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cause left for doubt and uncertainty about it;
for the least room for doubting in such a case,
throws so considerable a weight into the scale
of immediate self-interest, and our natural ap-
petites and infirmities, as renders it next to
impossible that its precepts should have any
valuable efficacy upon him who doubts; not-
withstanding all the prudential suggestions of
modern preachers, that he who walketh religi-
Ously, walketh surely; and that the truest wis-
dom is to act upon the supposition of the truth
of the Christian Revelation. Men soinetimes
act upon uncertain, dubious prospects, in the
trifling concerns of the present life; but the
views of futurity, opened to us by revelation,
are too vast, too important for the calculation
of chances, or the principles of commercial
speculation,:, if they are not indisputably
certain, they are nothing.
· The Apostles and primitive Christians acted
under a full conviction of the infallible cer-
tainty of the doctrines which they believed
and taught... And if satisfactory proofs of the
truth and divine authority of the Gospel, and
a complete knowledge and understanding of
its intent and doctrines, be really attainable
to the ordinary faculties of the human mind,
and easy to be comprehended by children and


the most illiterate of the people, it is then like what it was represented to be when it was First preached to the unlearned and the

poor; worthy of the impartial benevolence of the common father of the human race; and fit to be an universal rule of life, and source of religious information, to every rational individual of all the nations of the earth. If, on the contrary, its own truth, and the authenticity of the scriptures which teach it, rest solely upon the plurality of the voices of corrupt and erring men, of no authority from heaven, and supported only by the power of earthly magistrates; if its most important, because its fundamental, doctrines are to be interpreted only by the critical sagacity of the learned, respecting the meaning of a few controverted words or sentences of Greek or Hebrew, it is then involved in endless doubt and uncertainty ; is totally unlike the Gospel preached originally by Jesus and his Apostles ; absolately useless, because unintelligible, to the great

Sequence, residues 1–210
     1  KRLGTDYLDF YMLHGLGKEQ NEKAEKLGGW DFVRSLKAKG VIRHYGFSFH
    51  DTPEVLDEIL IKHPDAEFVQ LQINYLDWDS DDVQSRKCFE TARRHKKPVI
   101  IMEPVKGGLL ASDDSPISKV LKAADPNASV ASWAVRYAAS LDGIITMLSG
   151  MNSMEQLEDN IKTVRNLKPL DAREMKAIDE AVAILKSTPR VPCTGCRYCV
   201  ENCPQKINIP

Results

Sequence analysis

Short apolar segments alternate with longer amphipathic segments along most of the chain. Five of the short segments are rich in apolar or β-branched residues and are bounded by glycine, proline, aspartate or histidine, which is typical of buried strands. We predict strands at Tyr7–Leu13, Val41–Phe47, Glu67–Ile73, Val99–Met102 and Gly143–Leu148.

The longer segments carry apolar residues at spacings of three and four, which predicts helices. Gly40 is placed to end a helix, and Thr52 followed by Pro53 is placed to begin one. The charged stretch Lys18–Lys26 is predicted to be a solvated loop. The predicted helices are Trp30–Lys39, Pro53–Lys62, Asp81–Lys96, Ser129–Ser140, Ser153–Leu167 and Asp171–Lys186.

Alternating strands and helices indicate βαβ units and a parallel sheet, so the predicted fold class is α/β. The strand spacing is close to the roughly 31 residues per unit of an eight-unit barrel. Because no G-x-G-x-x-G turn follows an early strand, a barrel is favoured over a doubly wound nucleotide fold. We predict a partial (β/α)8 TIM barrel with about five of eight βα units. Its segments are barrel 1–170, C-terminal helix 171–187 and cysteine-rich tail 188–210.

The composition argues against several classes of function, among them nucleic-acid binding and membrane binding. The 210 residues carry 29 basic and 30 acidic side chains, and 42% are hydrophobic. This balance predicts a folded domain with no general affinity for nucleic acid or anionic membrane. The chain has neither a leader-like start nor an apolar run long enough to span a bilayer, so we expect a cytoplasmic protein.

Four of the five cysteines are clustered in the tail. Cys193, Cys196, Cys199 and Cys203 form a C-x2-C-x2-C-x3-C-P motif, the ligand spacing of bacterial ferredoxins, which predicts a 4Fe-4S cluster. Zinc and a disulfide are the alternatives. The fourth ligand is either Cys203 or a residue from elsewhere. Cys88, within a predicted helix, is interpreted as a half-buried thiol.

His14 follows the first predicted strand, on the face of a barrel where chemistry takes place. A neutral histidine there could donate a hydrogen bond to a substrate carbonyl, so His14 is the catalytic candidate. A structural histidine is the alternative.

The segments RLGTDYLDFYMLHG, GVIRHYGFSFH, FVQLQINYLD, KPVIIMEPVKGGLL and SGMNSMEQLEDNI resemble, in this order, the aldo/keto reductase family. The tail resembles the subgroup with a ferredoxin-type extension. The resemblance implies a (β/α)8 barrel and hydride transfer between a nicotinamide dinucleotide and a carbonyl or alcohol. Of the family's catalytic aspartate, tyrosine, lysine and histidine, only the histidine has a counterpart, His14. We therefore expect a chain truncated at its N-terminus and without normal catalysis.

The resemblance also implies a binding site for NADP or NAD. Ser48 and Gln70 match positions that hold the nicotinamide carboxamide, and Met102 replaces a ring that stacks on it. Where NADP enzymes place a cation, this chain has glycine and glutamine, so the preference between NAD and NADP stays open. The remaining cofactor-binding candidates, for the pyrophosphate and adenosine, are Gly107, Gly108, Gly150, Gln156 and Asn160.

bulk of mankind; and, in every way, unbecoming that eternal fountain of wisdom and intelligence from which it is said to be derived.

Under this dilemma, thinking the certainty of either the truth or falsehood of a revelation of the will of God to be of the highest ima portance, the Author of the following disqui. sition, at once to satisfy his own mind, and to qualify himself for a faithful and beneficial performance of the duties of the Christian ministry, for which he had been educated, many years ago determined to study the scriptures diligently, with no other illustration than what they reflect upon each other; and more especially those prophetic parts of them which, if duly fulfilled, must afford the strongest and most convincing evidence of the divine authority of the revelation itself; and almost necessarily lead to a right understanding of the nature of that religious Covenant to which they bear a supernatural attestation.